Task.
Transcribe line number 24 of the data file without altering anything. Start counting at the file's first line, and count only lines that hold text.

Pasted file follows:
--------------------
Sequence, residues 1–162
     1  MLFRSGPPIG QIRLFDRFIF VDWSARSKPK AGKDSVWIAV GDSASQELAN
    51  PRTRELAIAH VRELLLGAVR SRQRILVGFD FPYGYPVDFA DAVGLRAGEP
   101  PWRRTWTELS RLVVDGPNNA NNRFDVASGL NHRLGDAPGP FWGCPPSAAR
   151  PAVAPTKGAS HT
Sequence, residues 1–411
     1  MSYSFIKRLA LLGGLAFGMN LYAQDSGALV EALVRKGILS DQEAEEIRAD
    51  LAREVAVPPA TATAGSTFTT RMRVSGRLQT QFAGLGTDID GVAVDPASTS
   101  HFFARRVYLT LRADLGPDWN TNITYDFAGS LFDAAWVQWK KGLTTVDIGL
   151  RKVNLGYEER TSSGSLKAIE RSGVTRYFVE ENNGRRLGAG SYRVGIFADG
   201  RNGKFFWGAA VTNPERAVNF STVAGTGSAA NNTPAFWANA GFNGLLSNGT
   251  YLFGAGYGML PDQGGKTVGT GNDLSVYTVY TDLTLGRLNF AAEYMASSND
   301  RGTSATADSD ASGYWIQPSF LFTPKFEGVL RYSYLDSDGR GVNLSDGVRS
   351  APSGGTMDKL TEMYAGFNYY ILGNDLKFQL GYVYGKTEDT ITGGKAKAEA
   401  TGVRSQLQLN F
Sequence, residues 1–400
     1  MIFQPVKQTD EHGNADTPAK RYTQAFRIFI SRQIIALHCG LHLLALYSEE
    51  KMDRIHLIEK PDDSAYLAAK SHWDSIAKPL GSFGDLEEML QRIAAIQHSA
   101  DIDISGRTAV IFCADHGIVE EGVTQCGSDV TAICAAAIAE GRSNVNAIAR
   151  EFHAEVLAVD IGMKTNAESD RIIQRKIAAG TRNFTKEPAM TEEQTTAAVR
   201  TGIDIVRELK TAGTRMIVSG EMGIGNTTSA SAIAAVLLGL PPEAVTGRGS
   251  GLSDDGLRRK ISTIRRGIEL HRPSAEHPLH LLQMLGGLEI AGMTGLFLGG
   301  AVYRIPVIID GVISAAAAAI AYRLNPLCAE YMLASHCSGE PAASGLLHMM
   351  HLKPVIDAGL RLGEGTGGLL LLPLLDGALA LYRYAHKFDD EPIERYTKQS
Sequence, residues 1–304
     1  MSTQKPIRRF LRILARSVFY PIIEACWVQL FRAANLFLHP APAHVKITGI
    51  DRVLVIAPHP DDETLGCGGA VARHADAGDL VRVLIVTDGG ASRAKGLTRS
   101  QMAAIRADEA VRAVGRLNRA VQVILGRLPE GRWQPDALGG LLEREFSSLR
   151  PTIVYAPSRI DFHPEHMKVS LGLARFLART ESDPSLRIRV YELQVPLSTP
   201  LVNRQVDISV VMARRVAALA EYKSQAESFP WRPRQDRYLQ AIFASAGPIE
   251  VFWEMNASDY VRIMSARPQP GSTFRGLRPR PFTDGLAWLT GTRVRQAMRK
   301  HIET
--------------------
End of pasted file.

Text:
   351  HLKPVIDAGL RLGEGTGGLL LLPLLDGALA LYRYAHKFDD EPIERYTKQS